The US was founded on the premise of freedom and liberty. However, recent years have shown the government’s agenda to be quite the contrary. The FBI's involvement with Apple is a prime example. Apple's iPhone only has a relatively small portion of the mobile market as compared to Android. Despite that, there are millions of iPhones in use in the US.
Whenever each new version of the iPhone is released, there are security flaws that need to be patched. Hackers and governmental agencies can easily take advantage of flaws in new code. Apple has had a long and tense relationship with the NSA and the FBI. The FBI tried to coerce Apple into intentionally designing backdoors into its mobile devices. This was to provide law enforcement with access to encrypted data in the event of criminal or terrorist activity.
Paying the Price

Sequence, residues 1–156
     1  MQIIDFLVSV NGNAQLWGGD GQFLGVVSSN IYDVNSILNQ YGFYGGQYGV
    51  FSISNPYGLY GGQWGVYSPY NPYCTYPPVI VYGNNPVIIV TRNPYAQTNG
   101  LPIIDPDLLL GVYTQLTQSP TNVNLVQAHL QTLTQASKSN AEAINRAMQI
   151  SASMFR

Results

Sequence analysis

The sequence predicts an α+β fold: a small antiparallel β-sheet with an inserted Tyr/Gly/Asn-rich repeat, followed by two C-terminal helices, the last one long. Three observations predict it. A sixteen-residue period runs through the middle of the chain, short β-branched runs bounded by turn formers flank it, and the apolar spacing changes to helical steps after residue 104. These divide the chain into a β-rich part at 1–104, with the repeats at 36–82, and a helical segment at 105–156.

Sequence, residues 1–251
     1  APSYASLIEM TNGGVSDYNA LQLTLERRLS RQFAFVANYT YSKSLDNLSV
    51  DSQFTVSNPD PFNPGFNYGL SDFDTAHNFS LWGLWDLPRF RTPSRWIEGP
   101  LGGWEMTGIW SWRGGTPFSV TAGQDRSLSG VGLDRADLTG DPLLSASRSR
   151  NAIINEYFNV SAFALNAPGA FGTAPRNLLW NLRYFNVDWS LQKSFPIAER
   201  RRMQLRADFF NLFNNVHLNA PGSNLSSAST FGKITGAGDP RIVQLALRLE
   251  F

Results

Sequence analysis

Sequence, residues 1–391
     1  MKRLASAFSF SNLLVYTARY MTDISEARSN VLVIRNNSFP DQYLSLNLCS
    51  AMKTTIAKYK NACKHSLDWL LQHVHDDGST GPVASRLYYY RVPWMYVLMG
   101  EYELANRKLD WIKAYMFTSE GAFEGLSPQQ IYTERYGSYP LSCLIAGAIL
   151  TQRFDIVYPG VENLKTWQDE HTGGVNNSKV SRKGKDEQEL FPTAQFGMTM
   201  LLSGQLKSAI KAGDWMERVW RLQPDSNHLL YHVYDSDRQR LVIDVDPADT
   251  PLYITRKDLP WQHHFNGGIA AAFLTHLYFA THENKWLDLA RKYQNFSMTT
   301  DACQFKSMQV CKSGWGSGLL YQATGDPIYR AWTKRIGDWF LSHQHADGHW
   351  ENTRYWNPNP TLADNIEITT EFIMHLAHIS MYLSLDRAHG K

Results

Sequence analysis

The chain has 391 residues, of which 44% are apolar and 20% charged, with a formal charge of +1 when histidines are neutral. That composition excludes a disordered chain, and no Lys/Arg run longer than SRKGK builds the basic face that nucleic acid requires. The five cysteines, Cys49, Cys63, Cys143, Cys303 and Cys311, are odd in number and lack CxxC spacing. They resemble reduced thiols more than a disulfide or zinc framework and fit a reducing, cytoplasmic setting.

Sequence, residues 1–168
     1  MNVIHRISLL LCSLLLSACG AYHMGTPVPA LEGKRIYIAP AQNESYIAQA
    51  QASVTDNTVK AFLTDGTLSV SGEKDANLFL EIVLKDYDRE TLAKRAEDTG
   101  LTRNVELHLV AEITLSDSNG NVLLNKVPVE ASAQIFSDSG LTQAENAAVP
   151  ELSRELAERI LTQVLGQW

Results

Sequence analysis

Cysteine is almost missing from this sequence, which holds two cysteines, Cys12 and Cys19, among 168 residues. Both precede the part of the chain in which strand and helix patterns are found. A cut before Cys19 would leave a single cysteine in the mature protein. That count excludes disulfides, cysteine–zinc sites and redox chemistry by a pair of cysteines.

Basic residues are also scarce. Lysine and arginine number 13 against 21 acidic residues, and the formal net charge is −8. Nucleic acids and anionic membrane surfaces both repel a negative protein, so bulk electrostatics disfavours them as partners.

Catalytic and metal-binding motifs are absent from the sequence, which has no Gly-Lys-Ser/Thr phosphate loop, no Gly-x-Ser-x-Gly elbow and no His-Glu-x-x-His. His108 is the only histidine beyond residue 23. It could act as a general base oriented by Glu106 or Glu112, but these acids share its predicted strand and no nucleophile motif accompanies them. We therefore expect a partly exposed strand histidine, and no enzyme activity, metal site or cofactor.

While some people might consider this a small price to pay for the quality of life in the US, residents should be alarmed at the government's conduct. The government used the Patriot Act and other legislation to deceive the American public.
Whether the FBI can tap into your iPhone is currently unknown. The operating system only protects your data when it is sitting on your phone. Once you access a website or cloud server, you data is vulnerable as it is transmitted through the public internet... unless you've encrypted it, that is. That's why you need a VPN tunnel on iOS devices.
A VPN for iPhone encrypts all data that the device sends and receives. This is not entirely secure when living in the US, as domestic services like Google may still forfeit your data. However, using a VPN on an iPhone is easy and quick to set up. You will be free from unwanted spying and from tracking methods such as a Stingray or Typhoon devices.
Copyright Infringement: A Big Deal
Copyright infringement has become a big issue in the US. The emergence of peer-to-peer (P2P) file sharing sites has resulted in copyright holders pursuing strict punishments for offenders. In the past, services like Kazaa and Limewire met fierce opposition from the government. Many individuals who used these services became the object of lawsuits. As such, VPNs for torrenting have become commonplace.